Sunday, April 27, 2014

Dewey's 24 Hour Read-a-Thon: Mission Accomplished

It should come as no surprise, how difficult it is writing anything of merit after so many hours spent cramming the words of others into my head. Between the cerebral and physical exhaustion, and the elation of having successfully completed the reading of two books (where last year I failed to finish even one), I'm properly knackered. But it's a good feeling. I eschewed much of the interaction I enjoyed last time around, which was a sacrifice, but this decision was, ultimately, the key to my success. And though I may not have had as much fun with the many fine people sharing in the celebration of Read-a-thon, I did experience a tremendous degree of joy in proving to myself, once again, just how much I love to read. 

My second choice, following on the fanciful heels of The Invention of Hugo Cabret, was the inimitable classic, The Princess Bride. Not much, I trust, needs be said about a story so deeply ingrained in the pop cultural zeitgeist, owing so much to the brilliant cinematic adaptation with which so many are familiar. I'll likely cover the title and its on-screen progeny in a page-to-screen review in the near future, but for now I think it sufficient to say it was every bit the "Classic Tale of True Love and High Adventure" promised by its title page. I'm glad to have finally given myself the excuse to read it, years after having acquired it and set it aside for a special occasion. 

Read-a-thon is, and always will be, a special occasion all its own, and while I hope to avoid setting too high a standard for myself in the future, much as I did in this instance, I do expect myself to sleep before the event begins, so I can do even more reading in the allotted 24-hour span. For now, I think I'll be content with what I accomplished, applaud all that was accomplished by my fellow Read-a-thoners, and rest my eyes a little while. There's no denying the fact that I'm taken by my love for literature, and I'll no doubt find myself looking for yet another book to read sometime shortly after waking. 

Saturday, April 26, 2014

Dewey's 24 Hour Read-a-Thon: The Invention of Hugo Cabret

From the very outset, it was clear that Brian Selznick's award-winning novel, The Invention of Hugo Cabret, is a particularly fascinating volume. While always aware of the caveat against judging books by their covers, this novel's colorful and ornate dust jacket was like a beacon the first time I saw it, gleaming with promises of a worthwhile story. The volume itself is no less wondrous, filled with fantastically rendered pictures and oddly lain text, printed on surprisingly thick pages, bound in a simple yet distinguished truly is a singularly impressive book, and all this without mention of the story itself.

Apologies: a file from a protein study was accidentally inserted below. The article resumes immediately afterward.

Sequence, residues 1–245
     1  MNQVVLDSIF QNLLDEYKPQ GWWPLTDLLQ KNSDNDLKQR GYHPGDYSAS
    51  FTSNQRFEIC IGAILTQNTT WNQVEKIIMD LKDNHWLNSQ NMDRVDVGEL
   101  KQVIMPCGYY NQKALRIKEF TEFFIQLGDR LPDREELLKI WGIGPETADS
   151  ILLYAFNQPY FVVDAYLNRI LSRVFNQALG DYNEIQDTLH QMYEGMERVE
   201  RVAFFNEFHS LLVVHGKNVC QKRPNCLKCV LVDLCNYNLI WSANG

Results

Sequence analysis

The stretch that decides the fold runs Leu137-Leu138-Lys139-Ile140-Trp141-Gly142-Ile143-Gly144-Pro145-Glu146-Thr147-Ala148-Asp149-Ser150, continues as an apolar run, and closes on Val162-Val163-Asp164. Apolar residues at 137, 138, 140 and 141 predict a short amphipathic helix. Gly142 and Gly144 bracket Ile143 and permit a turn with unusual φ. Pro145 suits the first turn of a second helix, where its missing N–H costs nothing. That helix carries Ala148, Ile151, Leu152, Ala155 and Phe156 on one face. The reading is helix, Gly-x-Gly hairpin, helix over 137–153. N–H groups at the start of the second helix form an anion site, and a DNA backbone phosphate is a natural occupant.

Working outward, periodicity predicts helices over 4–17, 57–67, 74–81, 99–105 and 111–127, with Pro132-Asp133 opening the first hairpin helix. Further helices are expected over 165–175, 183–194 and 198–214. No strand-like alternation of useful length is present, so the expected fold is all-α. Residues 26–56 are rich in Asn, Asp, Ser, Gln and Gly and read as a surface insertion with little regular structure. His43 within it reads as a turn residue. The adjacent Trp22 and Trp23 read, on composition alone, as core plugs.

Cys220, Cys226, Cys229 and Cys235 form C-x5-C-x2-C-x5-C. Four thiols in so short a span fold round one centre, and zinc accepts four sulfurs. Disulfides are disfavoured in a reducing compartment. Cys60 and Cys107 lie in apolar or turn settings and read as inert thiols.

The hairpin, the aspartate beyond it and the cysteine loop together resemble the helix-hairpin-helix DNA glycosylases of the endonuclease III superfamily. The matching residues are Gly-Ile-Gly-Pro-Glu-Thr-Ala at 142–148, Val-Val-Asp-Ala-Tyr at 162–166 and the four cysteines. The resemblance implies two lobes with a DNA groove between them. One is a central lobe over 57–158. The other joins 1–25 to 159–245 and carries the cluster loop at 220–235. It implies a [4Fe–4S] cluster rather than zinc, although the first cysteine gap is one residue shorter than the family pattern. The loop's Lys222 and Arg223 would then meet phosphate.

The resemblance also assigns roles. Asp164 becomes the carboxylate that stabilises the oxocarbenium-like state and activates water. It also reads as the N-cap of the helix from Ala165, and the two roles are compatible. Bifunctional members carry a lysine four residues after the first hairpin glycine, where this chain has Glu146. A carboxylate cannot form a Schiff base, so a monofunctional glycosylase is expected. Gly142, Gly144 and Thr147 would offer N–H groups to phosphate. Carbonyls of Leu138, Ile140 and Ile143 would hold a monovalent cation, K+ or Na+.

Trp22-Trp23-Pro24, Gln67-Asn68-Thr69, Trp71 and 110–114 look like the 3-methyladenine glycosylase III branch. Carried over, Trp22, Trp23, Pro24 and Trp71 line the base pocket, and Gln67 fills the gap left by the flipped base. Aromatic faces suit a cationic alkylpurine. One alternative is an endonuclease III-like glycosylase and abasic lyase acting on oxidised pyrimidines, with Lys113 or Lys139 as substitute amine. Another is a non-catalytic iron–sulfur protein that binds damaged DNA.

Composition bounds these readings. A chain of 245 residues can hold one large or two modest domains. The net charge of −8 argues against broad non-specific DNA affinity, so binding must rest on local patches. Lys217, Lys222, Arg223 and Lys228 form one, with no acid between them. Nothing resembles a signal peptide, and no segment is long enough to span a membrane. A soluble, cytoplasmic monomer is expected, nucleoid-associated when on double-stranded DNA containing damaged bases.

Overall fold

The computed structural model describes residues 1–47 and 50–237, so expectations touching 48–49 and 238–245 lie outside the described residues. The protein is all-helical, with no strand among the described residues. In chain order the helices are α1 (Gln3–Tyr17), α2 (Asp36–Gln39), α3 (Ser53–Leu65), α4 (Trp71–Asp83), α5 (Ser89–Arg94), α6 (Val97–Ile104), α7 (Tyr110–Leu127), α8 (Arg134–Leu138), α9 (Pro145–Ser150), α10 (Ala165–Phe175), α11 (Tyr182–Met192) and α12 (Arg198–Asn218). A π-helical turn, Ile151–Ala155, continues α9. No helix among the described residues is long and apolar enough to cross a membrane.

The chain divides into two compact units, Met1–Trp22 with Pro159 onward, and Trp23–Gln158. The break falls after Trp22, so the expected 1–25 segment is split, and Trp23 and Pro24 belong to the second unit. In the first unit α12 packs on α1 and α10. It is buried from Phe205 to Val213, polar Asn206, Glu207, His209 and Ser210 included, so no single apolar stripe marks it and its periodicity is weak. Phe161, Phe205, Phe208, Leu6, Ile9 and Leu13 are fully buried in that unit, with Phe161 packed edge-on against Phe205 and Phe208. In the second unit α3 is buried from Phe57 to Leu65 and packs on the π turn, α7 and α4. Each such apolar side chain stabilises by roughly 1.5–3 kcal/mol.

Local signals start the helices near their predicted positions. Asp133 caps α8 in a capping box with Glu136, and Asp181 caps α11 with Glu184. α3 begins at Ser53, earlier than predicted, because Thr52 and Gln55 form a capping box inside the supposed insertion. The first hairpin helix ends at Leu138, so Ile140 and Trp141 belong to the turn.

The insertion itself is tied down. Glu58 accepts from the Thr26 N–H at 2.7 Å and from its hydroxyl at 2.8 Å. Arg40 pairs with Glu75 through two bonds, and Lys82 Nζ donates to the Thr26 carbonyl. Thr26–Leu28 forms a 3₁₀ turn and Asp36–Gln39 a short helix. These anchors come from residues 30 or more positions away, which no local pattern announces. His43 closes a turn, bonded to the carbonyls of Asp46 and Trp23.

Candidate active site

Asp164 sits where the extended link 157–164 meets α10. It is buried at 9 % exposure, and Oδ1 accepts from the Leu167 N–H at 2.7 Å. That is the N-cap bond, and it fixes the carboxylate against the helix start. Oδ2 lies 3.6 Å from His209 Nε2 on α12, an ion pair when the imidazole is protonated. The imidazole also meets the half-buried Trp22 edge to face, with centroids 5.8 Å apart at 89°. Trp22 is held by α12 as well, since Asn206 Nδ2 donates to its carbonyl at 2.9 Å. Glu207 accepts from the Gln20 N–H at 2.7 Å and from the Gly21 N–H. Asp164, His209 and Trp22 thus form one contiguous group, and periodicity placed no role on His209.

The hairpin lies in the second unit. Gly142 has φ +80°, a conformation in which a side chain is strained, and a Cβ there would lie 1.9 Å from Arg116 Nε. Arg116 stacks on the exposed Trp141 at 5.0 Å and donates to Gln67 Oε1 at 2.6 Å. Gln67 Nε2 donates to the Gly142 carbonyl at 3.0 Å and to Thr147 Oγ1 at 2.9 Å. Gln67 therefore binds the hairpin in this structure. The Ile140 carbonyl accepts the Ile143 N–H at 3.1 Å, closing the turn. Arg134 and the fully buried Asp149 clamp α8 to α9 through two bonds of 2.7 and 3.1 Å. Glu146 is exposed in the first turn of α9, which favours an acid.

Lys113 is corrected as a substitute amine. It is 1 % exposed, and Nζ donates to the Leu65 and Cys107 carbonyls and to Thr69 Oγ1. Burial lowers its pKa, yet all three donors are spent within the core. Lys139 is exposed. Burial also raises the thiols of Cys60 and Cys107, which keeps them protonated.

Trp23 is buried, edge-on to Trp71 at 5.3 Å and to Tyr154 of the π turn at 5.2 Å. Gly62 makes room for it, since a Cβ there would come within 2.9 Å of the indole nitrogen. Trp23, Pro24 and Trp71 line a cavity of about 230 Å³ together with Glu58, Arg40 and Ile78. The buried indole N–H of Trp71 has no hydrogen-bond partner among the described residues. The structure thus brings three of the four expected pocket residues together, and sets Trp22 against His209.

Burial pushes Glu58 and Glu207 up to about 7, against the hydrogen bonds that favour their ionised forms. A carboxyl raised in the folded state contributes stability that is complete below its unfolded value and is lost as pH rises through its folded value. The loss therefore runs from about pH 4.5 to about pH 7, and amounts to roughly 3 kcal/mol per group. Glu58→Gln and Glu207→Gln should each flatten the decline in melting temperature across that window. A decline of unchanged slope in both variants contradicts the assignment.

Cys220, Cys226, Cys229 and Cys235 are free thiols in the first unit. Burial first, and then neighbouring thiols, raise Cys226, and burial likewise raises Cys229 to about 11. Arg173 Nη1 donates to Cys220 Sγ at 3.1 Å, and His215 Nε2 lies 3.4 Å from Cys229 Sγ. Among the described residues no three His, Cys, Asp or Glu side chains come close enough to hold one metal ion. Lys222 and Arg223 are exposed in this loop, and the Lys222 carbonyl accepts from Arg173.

Hugo Cabret is a story about hope and dreams, set in a world that seems sorely at a loss for both. The titular character, Hugo Cabret, has in his 12 short years suffered no small amount of hardship. An orphan, he lives hidden in the secret recesses of a train station, keeping watch over the station's three dozen clocks. He resorts to thievery in order to stay fed, and to continue work on his main focus in life: the repair of an automaton, the completion of which was once the goal of his late father. Hugo's pursuit of this end eventually gets him into trouble on several occasions, but also introduces him to Isabelle, the ward of the toymaker from whom Hugo has been stealing parts for his mechanical man. This new friendship opens the door to a number of other introductions, troubles, and triumphs. In the end, Selznick's novel is every bit as heartwarming as it is gloomy, and the promises of its resplendent cover are all fulfilled.

I'm tremendously glad I chose to read this book as my first today. Lately I've felt the need for something lighter than the usual non-fiction on my reading list, and though Hugo Cabret was far from fluff, it still left me feeling uplifted, for which I'm thankful. Between its well-crafted story and the quality of its equally well-crafted binding, I wouldn't hesitate to recommend it to anyone, regardless of age. I have yet to meet an adult who has completely lost contact with their inner child, and this story will not only appeal to that aspect, but bring it out. We all still dream, after all...

Dewey's 24 Hour Read-a-Thon: The Best Laid Plans...